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Let A be a square matrix which is diagonalizable over field $\mathbb{F}$ and the sum of the entries of any column is the same number $a\in\mathbb{F}$. Show that $a$ is eigenvalue of the matrix A.

My try:

Let A be the arbitrary matrix $\displaystyle \left(\begin{matrix} a_{11}&a_{12}&\cdots&a_{1(n-1)}&a_{1n} \\ a_{21}&a_{22}&\cdots&a_{2(n-1)}&a_{2n} \\ \vdots&\vdots & \ddots&\vdots&\vdots \\a_{(n-1)1}&a_{(n-1)2}&\cdots&a_{(n-1)(n-1)}&a_{(n-1)n} \\ a_{n1}&a_{n2}&\cdots&a_{n(n-1)}&a_{nn}\end{matrix}\right)$.

Now $\displaystyle p_A(x)=\det(xI-A)=\det\left(\begin{matrix} x-a_{11}&-a_{12}&\cdots&-a_{1(n-1)}&-a_{1n} \\ -a_{21}&x-a_{22}&\cdots&-a_{2(n-1)}&-a_{2n} \\ \vdots&\vdots & \ddots&\vdots&\vdots \\-a_{(n-1)1}&-a_{(n-1)2}&\cdots&x-a_{(n-1)(n-1)}&-a_{(n-1)n} \\ -a_{n1}&-a_{n2}&\cdots&-a_{n(n-1)}&-a_{nn}\end{matrix}\right)$.

Multiply row and add it to other row doesn't change the value of the determinant, hance we can add any row $2\le j\le n$ to the first row and get $$p_A(x)=\det\left(\begin{matrix} x-\sum_{i=1}^na_{i1}&x-\sum_{i=1}^na_{i2}&\cdots&x-\sum_{i=1}^na_{i(n-1)}&x-\sum_{i=1}^na_{in} \\ -a_{21}&x-a_{22}&\cdots&-a_{2(n-1)}&-a_{2n} \\ \vdots&\vdots & \ddots&\vdots&\vdots \\-a_{(n-1)1}&-a_{(n-1)2}&\cdots&x-a_{(n-1)(n-1)}&-a_{(n-1)n} \\ -a_{n1}&-a_{n2}&\cdots&-a_{n(n-1)}&-a_{nn}\end{matrix}\right)$$ But we know that $\displaystyle \forall 1 \le k \le n: \ \sum_{i=1}^n a_{ik}=a$, hence $$p_A(x)=\det\left(\begin{matrix} x-a&x-a&\cdots&x-a&x-a \\ -a_{21}&x-a_{22}&\cdots&-a_{2(n-1)}&-a_{2n} \\ \vdots&\vdots & \ddots&\vdots&\vdots \\-a_{(n-1)1}&-a_{(n-1)2}&\cdots&x-a_{(n-1)(n-1)}&-a_{(n-1)n} \\ -a_{n1}&-a_{n2}&\cdots&-a_{n(n-1)}&-a_{nn}\end{matrix}\right)= \\ =(x-a)\cdot\det\left(\begin{matrix} 1&1&\cdots&1&1 \\ -a_{21}&x-a_{22}&\cdots&-a_{2(n-1)}&-a_{2n} \\ \vdots&\vdots & \ddots&\vdots&\vdots \\-a_{(n-1)1}&-a_{(n-1)2}&\cdots&x-a_{(n-1)(n-1)}&-a_{(n-1)n} \\ -a_{n1}&-a_{n2}&\cdots&-a_{n(n-1)}&-a_{nn}\end{matrix}\right)$$ thus $a$ is an eigenvalue of the matrix A.

I didn't use the fact that A is diagonalizable and don't know why it is needed.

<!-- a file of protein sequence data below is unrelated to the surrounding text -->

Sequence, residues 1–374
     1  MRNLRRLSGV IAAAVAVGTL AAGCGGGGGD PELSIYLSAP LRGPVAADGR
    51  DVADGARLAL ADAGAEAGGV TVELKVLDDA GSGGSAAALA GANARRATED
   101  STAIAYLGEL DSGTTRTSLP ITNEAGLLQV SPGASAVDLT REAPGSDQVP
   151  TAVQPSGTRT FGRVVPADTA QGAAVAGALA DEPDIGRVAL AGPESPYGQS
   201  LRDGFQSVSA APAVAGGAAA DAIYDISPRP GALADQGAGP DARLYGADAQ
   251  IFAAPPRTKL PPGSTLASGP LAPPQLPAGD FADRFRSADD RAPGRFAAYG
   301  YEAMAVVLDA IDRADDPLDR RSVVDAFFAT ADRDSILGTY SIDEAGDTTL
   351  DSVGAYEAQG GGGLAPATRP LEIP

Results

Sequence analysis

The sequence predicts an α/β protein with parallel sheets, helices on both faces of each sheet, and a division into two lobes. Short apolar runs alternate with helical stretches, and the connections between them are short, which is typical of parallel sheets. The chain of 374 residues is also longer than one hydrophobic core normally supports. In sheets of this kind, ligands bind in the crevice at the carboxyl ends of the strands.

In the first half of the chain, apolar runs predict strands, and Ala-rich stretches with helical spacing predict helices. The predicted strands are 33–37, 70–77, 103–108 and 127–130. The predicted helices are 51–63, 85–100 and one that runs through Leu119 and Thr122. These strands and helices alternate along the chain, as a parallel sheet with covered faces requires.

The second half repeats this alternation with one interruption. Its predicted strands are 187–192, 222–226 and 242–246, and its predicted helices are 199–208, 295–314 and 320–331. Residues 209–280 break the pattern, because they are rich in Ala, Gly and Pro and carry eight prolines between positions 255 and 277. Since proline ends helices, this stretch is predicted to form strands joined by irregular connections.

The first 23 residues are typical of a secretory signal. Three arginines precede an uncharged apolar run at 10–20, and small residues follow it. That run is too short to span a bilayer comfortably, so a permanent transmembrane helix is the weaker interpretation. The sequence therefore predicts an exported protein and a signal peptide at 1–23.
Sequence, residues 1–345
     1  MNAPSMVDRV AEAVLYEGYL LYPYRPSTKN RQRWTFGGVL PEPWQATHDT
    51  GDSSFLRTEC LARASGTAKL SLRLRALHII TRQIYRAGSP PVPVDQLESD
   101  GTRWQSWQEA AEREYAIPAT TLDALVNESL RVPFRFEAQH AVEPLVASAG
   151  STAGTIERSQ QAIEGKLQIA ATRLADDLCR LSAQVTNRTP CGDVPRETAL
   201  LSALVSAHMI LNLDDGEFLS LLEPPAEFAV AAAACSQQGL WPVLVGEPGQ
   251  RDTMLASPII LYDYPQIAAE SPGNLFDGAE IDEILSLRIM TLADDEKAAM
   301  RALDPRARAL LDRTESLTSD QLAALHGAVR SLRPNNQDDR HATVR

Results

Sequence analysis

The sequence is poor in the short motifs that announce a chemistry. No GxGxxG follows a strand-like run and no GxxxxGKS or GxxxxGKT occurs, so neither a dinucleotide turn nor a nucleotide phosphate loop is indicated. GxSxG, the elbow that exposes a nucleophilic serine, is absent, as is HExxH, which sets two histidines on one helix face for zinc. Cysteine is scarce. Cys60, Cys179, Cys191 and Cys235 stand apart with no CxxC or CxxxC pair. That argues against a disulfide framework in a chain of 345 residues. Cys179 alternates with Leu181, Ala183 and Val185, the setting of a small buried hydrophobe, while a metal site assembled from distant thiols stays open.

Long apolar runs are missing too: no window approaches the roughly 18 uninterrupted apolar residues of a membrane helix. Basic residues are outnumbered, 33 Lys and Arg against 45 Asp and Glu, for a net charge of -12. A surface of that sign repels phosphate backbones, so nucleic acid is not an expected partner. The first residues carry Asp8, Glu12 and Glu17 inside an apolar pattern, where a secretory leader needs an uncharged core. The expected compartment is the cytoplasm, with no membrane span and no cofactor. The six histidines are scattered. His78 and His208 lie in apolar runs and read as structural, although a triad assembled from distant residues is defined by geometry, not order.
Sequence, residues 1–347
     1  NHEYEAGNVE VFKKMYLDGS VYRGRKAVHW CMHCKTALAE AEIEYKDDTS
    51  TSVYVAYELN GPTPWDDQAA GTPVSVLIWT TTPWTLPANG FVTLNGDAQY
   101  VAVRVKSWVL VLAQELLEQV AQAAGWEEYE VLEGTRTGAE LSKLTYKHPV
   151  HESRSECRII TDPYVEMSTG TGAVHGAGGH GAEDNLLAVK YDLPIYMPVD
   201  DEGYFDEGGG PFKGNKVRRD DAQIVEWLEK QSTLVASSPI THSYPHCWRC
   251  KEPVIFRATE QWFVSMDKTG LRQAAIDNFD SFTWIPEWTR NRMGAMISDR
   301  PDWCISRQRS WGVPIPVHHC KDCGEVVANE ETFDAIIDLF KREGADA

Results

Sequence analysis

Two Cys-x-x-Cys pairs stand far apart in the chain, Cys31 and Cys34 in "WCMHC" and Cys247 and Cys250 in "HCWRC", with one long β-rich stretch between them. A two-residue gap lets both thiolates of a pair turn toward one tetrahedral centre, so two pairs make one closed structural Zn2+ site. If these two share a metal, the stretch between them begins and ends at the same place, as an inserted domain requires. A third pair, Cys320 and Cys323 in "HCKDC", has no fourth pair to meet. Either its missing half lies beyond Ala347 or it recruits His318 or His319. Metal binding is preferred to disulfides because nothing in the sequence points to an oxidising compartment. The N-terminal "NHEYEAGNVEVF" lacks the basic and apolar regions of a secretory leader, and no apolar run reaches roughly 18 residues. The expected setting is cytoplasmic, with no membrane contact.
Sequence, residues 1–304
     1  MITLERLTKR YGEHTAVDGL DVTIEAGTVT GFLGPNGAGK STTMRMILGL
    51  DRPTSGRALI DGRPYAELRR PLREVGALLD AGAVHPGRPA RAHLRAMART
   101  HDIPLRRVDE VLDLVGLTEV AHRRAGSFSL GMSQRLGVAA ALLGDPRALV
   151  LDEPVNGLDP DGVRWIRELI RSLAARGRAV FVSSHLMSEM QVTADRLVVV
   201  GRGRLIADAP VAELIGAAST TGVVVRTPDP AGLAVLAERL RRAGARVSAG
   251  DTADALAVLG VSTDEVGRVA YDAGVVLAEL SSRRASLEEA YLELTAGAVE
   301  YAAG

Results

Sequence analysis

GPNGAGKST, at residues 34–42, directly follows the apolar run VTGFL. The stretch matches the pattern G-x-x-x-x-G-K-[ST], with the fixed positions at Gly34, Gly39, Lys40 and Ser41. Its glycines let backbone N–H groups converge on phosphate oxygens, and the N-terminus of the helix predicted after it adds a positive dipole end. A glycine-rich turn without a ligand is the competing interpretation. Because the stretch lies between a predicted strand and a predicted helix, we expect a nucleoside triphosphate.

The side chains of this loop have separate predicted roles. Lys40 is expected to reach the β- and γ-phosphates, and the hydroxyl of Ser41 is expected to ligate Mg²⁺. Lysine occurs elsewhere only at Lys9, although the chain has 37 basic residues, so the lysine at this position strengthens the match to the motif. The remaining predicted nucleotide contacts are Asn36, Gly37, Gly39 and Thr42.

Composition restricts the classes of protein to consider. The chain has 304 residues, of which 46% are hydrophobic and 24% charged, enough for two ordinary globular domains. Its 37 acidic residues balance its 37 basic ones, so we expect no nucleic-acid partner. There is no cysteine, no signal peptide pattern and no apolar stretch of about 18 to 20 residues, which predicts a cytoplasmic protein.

Any help/hint will be appreciated, thank you!

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3 Answers 3

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$A$ and $A^T$ have the same eigenvalues.

Take $X=\left( \begin{matrix} 1\\ 1\\ ...\\ 1 \end{matrix} \right)$

$A^T X=aX$, $a$ being the sum of each column of $A$, thus the sum of each row of $A^T$.

Then $a$ is eigenvalue of $A^T$, and of $A$.

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  • $\begingroup$ I understand this answer, but I want to know what is wrong with my solution. $\endgroup$
    – Galc127
    Jan 6, 2015 at 11:07
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There is nothing wrong with the proof although you probably use a gun to kill the fly.

Indeed, you don't need $A$ to be diagonalizable. We can construct a matrix $A$ with this property, which is not diagonalizable, easily. Consider $$ A=\left[\begin{array}{rrr}0&-1&-1\\1&1&0\\0&1&2\end{array}\right]. $$ The column sums are all equal to $1$, which is the only eigenvalue of $A$ with the algebraic multiplicity $3$. However, $A$ is not diagonalizable.

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i will avoid the use of the fact that $A$ and $A^T$ have the same eigenvalue therby avoiding any appeal to determinants explicitly. bus we do use the fact the one sided invertiblilty implies the other. that is $AB = I$ iff $BA = I.$

if the sum of every column is $a,$ then $A$ has left eigenvector corresponding to $a.$ that is there is $u = (1,1,\cdots, 1)^T \neq 0$ such that $u^TA = au^T.$ therefore $A - aI$ is not invertible which in turn implies that $a$ is an eigenvalue of $A$ and has a (right)eigenvector $x \neq 0$ such that $Ax = ax$

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  • $\begingroup$ Hmm, but why is a left eigenvalue also a right eigenvalue? You don't need determinant to explain this, of course, but at the end of the day, you still need to explain this left-right thing. +1 anyway. $\endgroup$
    – user1551
    Jan 6, 2015 at 9:09
  • $\begingroup$ @user1551, because $A-aI$ is invertible and one invertibilty implies the other. that is $AB = I$ iff $BA = I$ $\endgroup$
    – abel
    Jan 6, 2015 at 9:11
  • $\begingroup$ I understand this answer, but I want to know what is wrong with my solution. $\endgroup$
    – Galc127
    Jan 6, 2015 at 11:06
  • $\begingroup$ @abel But $A-aI$ is not invertible. You say that there is a nonzero $u$ (a constant vector) s.t. $u^T(A-aI)=0$ which is equivalent to the fact that there is a nonzero $v$ s.t. $(A-aI)v=0$, that is, $A^T-aI$ is not invertible iff $A-aI$ is not invertible, which turns out to be exactly the same thing as saying that $A$ and $A^T$ have the same eigenvalues. $\endgroup$ Jan 6, 2015 at 12:00
  • $\begingroup$ @AlgebraicPavel, i meant to write $A-aI$ not invertible in the comment. can you claim $A$ and $A^T$ have the same eigenvalues without using $det(A) = det( A^T)?$ by the way, i like most of your answers, precise and brief, to matrix questions. $\endgroup$
    – abel
    Jan 6, 2015 at 14:58

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